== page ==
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Recycling: a waste of time?

Updated: Jul 3

Recycling is a relatively low-effort way to show you care about the environment. Society has taught us that you shouldn’t feel guilty about disposal of that drinks can, that crisp packet or that takeaway box… as long as you put it in the recycling bin at the end of the day. Recycling rates have plateaued in the UK at 44%, and it is thought that figures are overestimated by a third due to incorrect measurement of total waste. If this is the case, the UK would not have passed the EU threshold for recycling before 2012 and may not be much above the threshold even today.

People don’t realise a large fraction of ‘recyclable’ waste material will not be recycled at all. This is partly due to technology constraints, the inability of sorting machinery to process plastic film or detect black plastic, and food contamination in waste. What you put in your recycling bin is still at risk of ending up in landfill or being exported to countries abroad, adding to ever growing marine pollution. In 2016, 7.3 million tonnes of waste was imported into China, primarily from the UK, USA and Japan. This is unethical, dangerous and in some cases unlawful.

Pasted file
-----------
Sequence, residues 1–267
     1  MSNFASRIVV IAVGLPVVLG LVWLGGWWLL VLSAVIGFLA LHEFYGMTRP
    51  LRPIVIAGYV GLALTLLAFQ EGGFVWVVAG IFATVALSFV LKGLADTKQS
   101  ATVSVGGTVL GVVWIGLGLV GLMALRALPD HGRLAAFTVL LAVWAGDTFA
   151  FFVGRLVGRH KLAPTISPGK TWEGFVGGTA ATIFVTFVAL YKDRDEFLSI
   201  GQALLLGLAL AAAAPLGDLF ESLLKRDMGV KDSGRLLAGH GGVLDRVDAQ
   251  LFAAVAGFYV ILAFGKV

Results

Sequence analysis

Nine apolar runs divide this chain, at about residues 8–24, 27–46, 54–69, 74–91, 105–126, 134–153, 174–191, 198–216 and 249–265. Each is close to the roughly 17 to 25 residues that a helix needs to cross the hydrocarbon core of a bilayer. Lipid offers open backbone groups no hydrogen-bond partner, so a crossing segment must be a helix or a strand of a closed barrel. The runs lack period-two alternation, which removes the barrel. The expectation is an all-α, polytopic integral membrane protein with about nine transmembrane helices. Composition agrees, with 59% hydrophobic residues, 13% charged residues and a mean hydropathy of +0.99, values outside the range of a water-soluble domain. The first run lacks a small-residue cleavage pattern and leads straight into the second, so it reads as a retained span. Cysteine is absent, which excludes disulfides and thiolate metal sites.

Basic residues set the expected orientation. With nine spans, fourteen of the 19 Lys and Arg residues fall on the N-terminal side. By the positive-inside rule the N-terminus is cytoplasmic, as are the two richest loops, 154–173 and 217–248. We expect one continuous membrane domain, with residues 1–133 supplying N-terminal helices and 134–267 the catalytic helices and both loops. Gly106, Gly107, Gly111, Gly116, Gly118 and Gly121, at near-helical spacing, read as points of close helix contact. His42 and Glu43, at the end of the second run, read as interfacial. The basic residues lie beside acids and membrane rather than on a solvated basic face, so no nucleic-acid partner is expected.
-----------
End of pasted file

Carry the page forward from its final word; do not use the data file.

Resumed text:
Waste export bans threaten UK recycling infrastructure as it may be unable to keep up with a sudden increase in processing demand. An undercover study in a London waste recycling plant found that employees are expected to remove 35 pieces of unrecyclable waste from a conveyor every minute to put into general waste. The time pressure results in recyclable items being incinerated. Current sorting is clearly not adequate, something needs to change. Investment in new recycling technologies is essential. 

The one-use plastic ban on items such as disposable straws from 2020 will in no doubt make a difference to waste amounts, but in reality this makes up a tiny fraction of annual waste. Chemical recycling offers a solution for remaining rubbish, and is seen as a game-changer for plastics in the fight towards a circular economy. 

BIG ATOM, a polymer recycling company, are implementing a pioneering chemical process to break down plastics and tyres into raw materials to close the gap between disposal and manufacture and establish a circular economy. Scaling up of this technology which will contribute to a decrease in the fraction of waste reaching landfill, ensuring efforts to recycle translate into tangible benefits.

Mia Read


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